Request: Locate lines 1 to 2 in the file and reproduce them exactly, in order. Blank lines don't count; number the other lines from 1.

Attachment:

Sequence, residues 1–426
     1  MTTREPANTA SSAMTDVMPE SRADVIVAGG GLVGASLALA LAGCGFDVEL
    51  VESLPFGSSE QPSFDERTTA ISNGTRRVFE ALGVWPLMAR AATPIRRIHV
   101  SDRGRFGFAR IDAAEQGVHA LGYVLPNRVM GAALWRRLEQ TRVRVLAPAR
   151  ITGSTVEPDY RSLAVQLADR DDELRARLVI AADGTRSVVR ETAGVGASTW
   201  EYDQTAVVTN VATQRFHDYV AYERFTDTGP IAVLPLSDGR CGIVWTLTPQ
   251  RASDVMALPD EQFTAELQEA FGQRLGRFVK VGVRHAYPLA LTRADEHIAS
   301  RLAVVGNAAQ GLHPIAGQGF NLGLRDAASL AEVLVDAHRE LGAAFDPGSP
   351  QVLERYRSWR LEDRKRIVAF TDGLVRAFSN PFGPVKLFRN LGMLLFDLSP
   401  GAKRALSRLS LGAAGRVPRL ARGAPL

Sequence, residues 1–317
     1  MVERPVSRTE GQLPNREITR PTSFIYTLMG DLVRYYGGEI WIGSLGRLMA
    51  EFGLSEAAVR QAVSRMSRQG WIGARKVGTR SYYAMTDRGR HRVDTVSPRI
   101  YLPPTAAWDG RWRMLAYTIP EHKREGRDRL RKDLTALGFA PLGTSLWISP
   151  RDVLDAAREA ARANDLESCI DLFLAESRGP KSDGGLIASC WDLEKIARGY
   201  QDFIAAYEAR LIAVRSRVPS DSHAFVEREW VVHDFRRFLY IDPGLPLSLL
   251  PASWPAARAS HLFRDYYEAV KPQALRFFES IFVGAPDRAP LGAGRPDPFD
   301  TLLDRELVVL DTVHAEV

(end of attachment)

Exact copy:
Sequence, residues 1–426
     1  MTTREPANTA SSAMTDVMPE SRADVIVAGG GLVGASLALA LAGCGFDVEL